#6 posted 12-11-2018 03:38 PM



All planers cause snipe. You need to support or lift up slitghtly on the wood as it enters and exits the planer.

- johnstoneb

+1 It will reduce/eliminate snipe in 90% of planers. For me I have an out-feed table 30” long and a 1/4” higher than the table at the end.

-- Bill - Rochester MI

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Robert

3436 posts in 1900 days


#7 posted 12-11-2018 04:04 PM



All planers cause snipe. You need to support or lift up slitghtly on the wood as it enters and exits the planer.

- johnstoneb

Not true guys. Could be a problem on lunchbox or cheaper planers that you can’t adjust, but I have no snipe at all on my planer. On mine I achieved it by lowering the bed rollers flush.

If its sniping on the way out you need 1) outfeed support (hold board up or raise outfeed table up a bit) or 2) run a sacrificial board behind it.

It its sniping on the way in, The bed rollers are too high.

-- Everything is a prototype thats why its one of a kind!!

View tomsteve's profile

tomsteve

958 posts in 1638 days


#8 posted 12-11-2018 04:45 PM

if its the PC305, you wont get rid of all of the snipe unless ya do what broncfan mentioned.you could also run longer boards on each side of ones ya want to plane. the snipe is a hereditary thing that came with the planer when it was rebadged from the delta TP305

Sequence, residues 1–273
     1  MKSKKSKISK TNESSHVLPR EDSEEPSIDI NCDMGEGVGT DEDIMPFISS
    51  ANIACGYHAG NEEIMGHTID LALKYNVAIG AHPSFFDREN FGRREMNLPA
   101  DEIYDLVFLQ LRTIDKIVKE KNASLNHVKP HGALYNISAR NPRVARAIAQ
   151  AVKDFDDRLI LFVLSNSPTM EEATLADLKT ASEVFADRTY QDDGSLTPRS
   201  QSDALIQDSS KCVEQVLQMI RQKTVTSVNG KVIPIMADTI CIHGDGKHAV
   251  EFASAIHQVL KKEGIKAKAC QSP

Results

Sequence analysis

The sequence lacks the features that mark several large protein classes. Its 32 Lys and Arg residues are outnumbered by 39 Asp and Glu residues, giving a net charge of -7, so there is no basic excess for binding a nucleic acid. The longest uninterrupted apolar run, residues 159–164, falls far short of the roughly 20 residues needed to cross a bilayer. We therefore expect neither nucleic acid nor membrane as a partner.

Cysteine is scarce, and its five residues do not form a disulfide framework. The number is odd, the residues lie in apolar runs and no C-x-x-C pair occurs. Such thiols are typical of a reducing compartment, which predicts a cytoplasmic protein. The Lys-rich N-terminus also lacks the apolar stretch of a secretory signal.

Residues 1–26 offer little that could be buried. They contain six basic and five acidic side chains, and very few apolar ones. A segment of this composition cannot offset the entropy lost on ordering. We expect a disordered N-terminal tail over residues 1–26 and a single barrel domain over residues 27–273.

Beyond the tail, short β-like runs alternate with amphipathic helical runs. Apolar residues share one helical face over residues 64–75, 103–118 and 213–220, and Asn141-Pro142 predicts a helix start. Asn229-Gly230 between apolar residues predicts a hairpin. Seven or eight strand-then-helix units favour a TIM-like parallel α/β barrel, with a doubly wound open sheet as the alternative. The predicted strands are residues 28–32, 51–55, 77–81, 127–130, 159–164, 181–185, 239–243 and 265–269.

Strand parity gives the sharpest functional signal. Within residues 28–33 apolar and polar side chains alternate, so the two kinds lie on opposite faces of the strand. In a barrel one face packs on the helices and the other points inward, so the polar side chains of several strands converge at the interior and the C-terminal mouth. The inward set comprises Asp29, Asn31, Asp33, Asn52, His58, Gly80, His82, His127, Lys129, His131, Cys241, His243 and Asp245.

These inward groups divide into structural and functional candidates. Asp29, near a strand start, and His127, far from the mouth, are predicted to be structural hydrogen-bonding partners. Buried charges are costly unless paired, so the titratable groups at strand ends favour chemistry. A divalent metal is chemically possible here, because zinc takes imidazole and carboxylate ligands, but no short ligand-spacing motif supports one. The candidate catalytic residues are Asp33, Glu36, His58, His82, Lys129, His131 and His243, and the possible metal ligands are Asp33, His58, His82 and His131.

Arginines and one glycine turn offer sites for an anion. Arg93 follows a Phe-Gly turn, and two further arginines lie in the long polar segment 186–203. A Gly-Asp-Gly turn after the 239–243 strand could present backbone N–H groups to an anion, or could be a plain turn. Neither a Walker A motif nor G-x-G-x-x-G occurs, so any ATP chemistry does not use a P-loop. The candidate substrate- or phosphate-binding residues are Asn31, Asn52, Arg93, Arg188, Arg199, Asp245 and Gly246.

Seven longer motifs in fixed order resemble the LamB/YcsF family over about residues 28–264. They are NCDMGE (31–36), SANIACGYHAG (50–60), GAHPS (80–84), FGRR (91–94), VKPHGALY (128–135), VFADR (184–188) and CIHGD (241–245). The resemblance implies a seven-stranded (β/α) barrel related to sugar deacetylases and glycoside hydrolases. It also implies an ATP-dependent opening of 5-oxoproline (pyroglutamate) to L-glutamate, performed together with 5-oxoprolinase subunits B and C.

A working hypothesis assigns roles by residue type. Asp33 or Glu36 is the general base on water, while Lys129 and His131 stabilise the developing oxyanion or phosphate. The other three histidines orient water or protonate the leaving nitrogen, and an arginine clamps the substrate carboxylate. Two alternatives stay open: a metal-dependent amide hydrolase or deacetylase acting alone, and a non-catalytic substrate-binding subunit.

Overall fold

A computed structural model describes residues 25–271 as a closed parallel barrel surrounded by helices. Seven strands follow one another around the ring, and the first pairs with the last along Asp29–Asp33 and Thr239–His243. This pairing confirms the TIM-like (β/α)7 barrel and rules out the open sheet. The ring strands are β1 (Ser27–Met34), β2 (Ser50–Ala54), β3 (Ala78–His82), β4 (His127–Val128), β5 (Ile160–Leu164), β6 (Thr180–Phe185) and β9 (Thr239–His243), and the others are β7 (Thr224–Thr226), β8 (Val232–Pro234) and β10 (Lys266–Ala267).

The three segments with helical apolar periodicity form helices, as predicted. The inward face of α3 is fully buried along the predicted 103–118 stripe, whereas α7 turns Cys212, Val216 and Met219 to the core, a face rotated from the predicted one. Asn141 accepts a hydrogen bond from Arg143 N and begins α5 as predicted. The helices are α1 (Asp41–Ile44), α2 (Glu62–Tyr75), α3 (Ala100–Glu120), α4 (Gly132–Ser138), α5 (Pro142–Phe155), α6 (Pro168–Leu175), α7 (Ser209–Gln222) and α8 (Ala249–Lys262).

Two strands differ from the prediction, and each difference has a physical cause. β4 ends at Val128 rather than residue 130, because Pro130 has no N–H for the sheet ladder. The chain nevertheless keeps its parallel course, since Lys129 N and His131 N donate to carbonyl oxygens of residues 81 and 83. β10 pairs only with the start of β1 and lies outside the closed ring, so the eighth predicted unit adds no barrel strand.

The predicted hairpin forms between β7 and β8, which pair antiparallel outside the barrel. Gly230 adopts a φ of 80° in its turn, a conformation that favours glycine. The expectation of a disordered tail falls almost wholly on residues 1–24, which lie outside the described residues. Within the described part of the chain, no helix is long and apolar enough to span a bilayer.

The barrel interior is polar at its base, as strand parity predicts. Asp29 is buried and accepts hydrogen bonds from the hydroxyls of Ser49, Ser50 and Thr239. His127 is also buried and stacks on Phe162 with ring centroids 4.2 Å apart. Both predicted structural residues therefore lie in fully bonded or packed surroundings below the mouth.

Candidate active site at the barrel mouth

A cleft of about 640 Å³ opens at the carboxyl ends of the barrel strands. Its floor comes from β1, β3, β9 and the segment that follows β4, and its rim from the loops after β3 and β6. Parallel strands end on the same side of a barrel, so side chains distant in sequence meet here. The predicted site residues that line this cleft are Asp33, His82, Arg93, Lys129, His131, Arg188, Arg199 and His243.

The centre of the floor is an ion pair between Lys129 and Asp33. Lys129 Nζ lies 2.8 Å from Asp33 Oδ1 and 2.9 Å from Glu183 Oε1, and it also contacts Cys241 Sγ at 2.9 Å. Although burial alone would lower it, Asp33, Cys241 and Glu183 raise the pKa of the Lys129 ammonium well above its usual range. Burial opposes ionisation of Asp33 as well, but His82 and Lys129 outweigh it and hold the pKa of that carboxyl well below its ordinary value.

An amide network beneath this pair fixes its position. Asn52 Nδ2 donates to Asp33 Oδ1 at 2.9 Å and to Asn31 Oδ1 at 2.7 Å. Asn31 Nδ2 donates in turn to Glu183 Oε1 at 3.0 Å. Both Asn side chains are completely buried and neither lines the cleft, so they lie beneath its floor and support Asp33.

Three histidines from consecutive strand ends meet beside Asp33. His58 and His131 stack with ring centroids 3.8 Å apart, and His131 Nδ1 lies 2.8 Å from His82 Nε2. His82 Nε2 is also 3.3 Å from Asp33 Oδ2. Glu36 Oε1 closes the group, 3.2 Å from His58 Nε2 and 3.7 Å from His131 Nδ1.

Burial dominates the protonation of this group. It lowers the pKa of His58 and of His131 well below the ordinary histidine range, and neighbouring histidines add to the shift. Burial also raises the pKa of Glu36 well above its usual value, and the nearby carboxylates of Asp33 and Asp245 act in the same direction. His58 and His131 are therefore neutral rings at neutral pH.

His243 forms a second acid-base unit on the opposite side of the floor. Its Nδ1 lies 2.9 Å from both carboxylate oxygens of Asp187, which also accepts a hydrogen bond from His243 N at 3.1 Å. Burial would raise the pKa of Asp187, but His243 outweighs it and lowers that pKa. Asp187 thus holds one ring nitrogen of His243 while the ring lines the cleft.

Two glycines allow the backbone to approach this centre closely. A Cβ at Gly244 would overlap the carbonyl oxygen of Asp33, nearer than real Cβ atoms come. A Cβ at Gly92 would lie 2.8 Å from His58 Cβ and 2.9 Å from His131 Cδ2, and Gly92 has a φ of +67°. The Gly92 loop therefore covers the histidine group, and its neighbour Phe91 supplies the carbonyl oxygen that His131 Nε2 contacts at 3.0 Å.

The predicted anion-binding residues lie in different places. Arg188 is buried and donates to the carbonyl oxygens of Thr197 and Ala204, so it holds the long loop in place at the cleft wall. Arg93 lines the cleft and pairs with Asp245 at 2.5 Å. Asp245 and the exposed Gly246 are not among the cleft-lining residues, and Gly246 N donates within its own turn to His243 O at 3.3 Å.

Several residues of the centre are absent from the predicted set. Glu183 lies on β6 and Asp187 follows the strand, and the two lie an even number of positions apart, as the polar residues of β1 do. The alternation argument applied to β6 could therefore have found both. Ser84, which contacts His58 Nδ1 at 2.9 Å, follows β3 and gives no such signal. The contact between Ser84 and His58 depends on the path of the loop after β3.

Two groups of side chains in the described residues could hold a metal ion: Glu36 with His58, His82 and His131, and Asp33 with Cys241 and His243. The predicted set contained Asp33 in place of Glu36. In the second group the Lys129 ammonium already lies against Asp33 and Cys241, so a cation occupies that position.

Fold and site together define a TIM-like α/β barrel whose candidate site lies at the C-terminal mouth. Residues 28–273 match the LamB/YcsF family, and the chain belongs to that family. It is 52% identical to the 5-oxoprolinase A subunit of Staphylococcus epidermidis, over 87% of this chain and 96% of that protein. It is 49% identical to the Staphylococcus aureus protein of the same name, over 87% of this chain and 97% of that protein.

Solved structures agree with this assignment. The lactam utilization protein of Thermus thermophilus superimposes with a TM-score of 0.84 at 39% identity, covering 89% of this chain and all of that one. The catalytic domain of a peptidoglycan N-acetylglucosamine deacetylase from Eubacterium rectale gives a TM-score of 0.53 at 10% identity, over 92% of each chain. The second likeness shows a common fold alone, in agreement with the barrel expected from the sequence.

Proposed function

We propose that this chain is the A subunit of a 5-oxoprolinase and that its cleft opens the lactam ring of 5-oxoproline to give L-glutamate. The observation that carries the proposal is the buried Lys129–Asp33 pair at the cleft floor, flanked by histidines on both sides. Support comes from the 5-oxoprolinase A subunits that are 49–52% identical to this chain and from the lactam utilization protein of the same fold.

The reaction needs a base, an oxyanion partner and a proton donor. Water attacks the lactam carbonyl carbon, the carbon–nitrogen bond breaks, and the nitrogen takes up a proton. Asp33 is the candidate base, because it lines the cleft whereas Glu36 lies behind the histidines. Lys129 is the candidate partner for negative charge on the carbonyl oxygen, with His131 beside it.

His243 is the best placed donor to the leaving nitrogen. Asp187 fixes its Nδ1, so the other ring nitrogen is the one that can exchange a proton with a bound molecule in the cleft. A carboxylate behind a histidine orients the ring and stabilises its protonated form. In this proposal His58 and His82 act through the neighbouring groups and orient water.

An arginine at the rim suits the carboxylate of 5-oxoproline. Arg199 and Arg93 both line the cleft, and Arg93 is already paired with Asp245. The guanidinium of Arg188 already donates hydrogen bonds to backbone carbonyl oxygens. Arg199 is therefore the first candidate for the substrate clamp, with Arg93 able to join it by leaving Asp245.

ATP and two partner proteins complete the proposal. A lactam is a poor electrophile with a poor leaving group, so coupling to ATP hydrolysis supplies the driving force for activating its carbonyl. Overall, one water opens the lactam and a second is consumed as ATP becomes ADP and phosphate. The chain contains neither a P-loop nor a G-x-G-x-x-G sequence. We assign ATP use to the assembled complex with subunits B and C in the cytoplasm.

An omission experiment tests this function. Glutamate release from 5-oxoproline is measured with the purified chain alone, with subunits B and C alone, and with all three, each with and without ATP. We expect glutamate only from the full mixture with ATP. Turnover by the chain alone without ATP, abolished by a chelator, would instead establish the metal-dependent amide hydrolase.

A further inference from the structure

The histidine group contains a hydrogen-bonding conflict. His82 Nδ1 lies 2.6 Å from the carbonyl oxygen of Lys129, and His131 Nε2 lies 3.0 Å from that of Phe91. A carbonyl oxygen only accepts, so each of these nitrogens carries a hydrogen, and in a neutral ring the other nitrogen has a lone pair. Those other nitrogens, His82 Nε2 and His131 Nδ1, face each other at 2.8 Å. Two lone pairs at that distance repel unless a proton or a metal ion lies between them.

i dont think theres adjustments on the feed rollers on this model.

View PhillipRCW's profile

PhillipRCW

514 posts in 1684 days


#9 posted 12-11-2018 10:30 PM



if its the PC305, you wont get rid of all of the snipe unless ya do what broncfan mentioned.you could also run longer boards on each side of ones ya want to plane. the snipe is a hereditary thing that came with the planer when it was rebadged from the delta TP305

i dont think theres adjustments on the feed rollers on this model.

- tomsteve

This is what I was worried about. I’ve done almost all the steps above, but just not having any luck getting rid of it on the wider boards. I try to plane 12” wide cutting boards, but it kills part of the board with snipe.

-- Phillip- Measure twice, cut onc.... Hey look, it's rustic.

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tomsteve

958 posts in 1638 days


#10 posted 12-14-2018 03:09 PM


This is what I was worried about. I ve done almost all the steps above, but just not having any luck getting rid of it on the wider boards. I try to plane 12” wide cutting boards, but it kills part of the board with snipe.

- PhillipRCW

cutting boards is where a wide belt sander comes in handy.

View PhillipRCW's profile

PhillipRCW

514 posts in 1684 days


#11 posted 12-14-2018 03:37 PM


This is what I was worried about. I ve done almost all the steps above, but just not having any luck getting rid of it on the wider boards. I try to plane 12” wide cutting boards, but it kills part of the board with snipe.

- PhillipRCW

cutting boards is where a wide belt sander comes in handy.

- tomsteve

I can add it to my Amazon wishlist if you want to be Santa for a fellow woodworker.

-- Phillip- Measure twice, cut onc.... Hey look, it's rustic.